Mr. Jednachowski continued to have problems with pain and range of motion in his back and neck. There was radiation of pain to his hands and legs, numbness in his hands, and diminished reflexes. (R. 543, 546, 551-52, 568-69, 662-63, 693, 701). On November 28, 2007, Mr. Jednachowski had his lumbar fusion hardware removed and replaced with an add-on fusion at L4-L5 with instrumentation and bone grafting. (R. 1201). At first there was relief (R. 776), but by January 2008, Mr. Jednachowski's problems had returned. (R. 571). The focus of his treating doctors' attentions at this point was his neck. MRIs and x-rays indicated that that surgery would have to be done over. (R. 563-565).

On March 11, 2008, Mr. Jednachowski underwent a removal of the cervical hardware, followed by a vertebrectomy at C6, and a fusion from C5 to C7 with a bone graft from his hip and insertion of a plate. (R. 560). At first he was doing better - although he was experiencing hip pain at the graft site - but his neck and low back pain returned in April and May. (R. 575).

Despite his continued symptoms, Mr. Jednachowski embarked on a course of physical therapy and work hardening. (R. 576, 752, 864-75). He continued to experience pain, as well as tingling and numbness during the 4-5 hour work sessions. (R. 864-75). By September 19, 2008, Mr. Jednachowski's treating physician, Dr. Bernstein, felt he was able to perform light duty work: no overhead lifting, no repetitive bending, twisting or lifting, no lifting of more than 10-15 pounds. (R. 576, 753). On October 17th, Dr. Bernstein said he could perform "light duty work" as long as he lifted no more than 20 pounds, and avoided repeated bending, twisting, and lifting. (R. 577).[1]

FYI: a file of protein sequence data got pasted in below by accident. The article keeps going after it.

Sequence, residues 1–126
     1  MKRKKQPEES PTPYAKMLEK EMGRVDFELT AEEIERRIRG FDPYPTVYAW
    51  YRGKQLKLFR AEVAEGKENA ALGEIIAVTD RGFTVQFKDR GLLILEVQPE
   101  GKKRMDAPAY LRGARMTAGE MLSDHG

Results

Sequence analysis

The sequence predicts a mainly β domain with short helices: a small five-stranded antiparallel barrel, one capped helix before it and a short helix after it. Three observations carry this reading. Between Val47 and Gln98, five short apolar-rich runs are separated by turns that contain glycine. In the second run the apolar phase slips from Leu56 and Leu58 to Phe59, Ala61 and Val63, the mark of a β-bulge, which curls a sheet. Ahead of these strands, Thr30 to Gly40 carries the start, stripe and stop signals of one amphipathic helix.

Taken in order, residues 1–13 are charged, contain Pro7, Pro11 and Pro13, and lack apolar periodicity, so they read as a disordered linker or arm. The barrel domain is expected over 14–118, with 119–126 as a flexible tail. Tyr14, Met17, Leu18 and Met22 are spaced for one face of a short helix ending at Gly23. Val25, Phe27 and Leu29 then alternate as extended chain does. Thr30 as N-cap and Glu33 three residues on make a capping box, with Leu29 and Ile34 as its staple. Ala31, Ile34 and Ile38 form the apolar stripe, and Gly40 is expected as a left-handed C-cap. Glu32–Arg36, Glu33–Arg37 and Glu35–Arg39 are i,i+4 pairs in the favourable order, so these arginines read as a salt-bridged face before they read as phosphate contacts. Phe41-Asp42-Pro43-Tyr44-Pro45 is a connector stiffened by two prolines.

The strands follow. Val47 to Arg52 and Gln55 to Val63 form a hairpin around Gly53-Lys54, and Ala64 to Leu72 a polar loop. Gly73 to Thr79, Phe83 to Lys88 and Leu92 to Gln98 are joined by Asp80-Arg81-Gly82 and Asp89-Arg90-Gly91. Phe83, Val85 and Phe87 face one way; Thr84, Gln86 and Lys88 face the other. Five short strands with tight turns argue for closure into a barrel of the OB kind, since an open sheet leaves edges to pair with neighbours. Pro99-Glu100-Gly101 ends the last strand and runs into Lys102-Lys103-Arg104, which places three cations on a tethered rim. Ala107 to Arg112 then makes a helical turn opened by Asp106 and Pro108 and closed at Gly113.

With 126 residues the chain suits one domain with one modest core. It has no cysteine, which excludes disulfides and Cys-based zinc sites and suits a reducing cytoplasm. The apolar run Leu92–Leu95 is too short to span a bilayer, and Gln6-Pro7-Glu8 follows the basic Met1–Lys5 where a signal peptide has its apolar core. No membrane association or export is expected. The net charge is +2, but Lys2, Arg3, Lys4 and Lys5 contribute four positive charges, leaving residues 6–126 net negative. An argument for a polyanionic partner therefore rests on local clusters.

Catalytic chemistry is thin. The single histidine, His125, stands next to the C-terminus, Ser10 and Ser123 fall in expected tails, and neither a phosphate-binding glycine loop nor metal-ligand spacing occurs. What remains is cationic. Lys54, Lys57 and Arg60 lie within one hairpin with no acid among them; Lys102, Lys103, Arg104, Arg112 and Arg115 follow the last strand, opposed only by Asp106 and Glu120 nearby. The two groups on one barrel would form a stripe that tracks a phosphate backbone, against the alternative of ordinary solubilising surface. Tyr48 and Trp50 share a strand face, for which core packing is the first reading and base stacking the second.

On February 3, 2009, Dr. Briney reported that Mr. Jednachowski's range of motion in his back was markedly reduced. Deep tendon reflexes were reduced in his legs. (R. 918).

On April 20, 2009, Dr. Lenore Gonzalez reviewed the file on behalf of the state disability agency. She said Dr. Bernstein's assessment should be given controlling and said she was adopting it. (R. 788). But, Dr. Gonzalez's assessment was a bit different. She did not indicate Mr. Jednachowski could not perform repetitive lifting, but instead found he could frequently lift up to 10 pounds and occasionally lift up to 20. (R. 782).